Leland Rucker's introduction to Boulder, Colorado, couldn't have been much more prophetic. The first time he ever heard of the town, he recalls, was decades ago, when a classmate hipped him to an album he'd just secured. "It was The Astronauts, Live at Tulagi, Boulder, Colorado -- that's what it said on the album cover," Rucker recalls today. "And here was this picture of the band, taken on Panorama Point, with the town down below it. I thought, 'Boulder -- cool.'"
This Friday, that teenaged moment takes on foretelling significance. Rucker and Don Chapman (a producer with Channel 8) will debut Sweet Lunacy, a documentary that tells the story of music in Boulder, where Rucker's lived for the past seventeen years. According to Rucker (who served as an entertainment editor for the Colorado Daily from 1986 to 1993), Boulder's musical history owes much to the venue where the surf-rocking Astronauts recorded their live debut nearly four decades ago.
"Everything goes back to Tulagi," Rucker points out. "It's one of the most famous bars of the post-war period in the West. Every band who is in the movie from the past forty years has played Tulagi, from the Astronauts to Big Head Todd and the Monsters." Those bands are joined in the film by other homegrown acts, including Dusty Drapes and the Dusters (see Backbeat), Tommy Bolin and his band, Zephyr, Chris Daniels, Woody and the Too High Band, the Freddi-Henchi Band, Flash Cadillac and the Continental Kids, Firefall and others.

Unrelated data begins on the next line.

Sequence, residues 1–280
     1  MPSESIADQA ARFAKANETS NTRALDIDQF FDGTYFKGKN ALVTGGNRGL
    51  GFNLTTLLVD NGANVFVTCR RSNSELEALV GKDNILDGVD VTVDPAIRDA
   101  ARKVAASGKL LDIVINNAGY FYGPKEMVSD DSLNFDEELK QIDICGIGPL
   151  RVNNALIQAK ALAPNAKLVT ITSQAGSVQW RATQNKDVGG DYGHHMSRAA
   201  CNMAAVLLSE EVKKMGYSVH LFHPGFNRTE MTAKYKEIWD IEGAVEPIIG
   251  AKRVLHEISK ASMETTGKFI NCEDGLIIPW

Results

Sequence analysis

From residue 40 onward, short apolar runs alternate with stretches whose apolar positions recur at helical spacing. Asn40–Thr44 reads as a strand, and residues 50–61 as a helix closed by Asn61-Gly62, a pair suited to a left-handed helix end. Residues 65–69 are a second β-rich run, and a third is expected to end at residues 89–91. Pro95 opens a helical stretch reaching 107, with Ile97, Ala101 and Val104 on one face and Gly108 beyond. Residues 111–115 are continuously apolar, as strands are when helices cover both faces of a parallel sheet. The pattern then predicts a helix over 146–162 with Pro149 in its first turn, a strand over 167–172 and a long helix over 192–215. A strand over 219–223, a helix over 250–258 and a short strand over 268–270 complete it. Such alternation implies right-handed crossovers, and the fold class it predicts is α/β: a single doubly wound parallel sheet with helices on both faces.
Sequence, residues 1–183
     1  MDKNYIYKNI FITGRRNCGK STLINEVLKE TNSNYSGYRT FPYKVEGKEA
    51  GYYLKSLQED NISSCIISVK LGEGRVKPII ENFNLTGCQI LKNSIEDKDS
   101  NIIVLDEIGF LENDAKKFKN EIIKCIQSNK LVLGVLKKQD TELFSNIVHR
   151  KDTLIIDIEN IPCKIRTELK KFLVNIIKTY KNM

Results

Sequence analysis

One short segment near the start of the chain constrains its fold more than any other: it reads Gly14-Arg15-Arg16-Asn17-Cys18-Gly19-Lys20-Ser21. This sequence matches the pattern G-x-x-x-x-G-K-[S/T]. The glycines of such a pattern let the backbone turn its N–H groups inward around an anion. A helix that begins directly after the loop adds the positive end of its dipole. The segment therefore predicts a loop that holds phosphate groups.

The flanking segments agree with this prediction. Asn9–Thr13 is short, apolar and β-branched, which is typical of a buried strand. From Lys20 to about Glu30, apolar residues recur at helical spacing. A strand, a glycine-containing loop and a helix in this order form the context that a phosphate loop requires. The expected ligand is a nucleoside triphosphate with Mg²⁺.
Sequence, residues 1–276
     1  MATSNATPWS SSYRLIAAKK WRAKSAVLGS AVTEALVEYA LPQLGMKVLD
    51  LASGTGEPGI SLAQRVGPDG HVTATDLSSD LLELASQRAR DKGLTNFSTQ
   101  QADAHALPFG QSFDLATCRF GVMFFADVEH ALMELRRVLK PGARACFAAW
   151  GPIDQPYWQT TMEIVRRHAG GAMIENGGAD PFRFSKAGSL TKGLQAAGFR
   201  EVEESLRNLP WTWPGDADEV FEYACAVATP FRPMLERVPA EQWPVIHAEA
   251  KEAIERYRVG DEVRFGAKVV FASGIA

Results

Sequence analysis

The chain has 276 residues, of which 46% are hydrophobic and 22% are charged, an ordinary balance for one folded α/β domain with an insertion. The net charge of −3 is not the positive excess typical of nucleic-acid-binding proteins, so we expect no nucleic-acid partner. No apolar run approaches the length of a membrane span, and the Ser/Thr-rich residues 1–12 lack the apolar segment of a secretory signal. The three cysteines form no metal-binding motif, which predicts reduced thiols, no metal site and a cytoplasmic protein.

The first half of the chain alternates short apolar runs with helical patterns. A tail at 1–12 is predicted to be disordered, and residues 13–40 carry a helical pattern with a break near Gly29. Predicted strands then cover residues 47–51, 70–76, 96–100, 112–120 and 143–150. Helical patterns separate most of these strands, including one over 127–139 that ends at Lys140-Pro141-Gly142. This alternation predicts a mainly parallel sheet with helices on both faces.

"Boulder has always been a place where musicians gravitate," Rucker says. "There've been thousands of bands here over the years; we picked ten or twelve of them and tell some stories about them." He and Chapman started work on the film three years ago with a small grant from the Boulder Arts Commission. Since then, the two have supported the film's production themselves, with help from fans and musicians who have provided rare film footage and audio recordings for use in Lunacy. "The cool part about making this," says Rucker, "is that it's turned into a community effort. And nobody has wanted to charge us for anything."
The film is a first for Rucker, and he says the time it's taken to complete it has left him cool to the idea of pursuing more movie projects. But the subject matter was dear to his heart, he says, and the film's musical and non-musical moments serve as telling timepieces to Boulder's history. In the '60s and '70s, he notes, "Boulder was a hotbed of radicalism." Evidence of the town's moments of civil unrest appear in the film.
But it was something other than civil unrest that led musicians such as Joe Walsh, Steven Stills and others to join local players in making Boulder their home. "Boulder was a hippie center back in the '60s and '70s," Rucker notes. "People here were partying their asses off."
Today some might argue that's still the case, though Rucker thinks the town's musical climate may not be as fertile as it once was. "But you won't hear me complaining about it," he says. Instead, Rucker hears another voice, from the second time the name "Boulder" entered his consciousness. While hitchhiking across the country in the '60s, he met a fellow wanderer at a truck stop in Fort Wayne, Indiana. "I can still remember his face and everything about him, and it was 31 years ago," Rucker says of the gent, who offered a cryptic observation: "Man, gotta get to Boulder. Heavy times." The comment struck a familiar chord. "Boulder, that's that place again," Rucker remembers thinking. "It took me five years to get here and another ten to move here, and I was lured here by the music. And I'm not going anywhere now."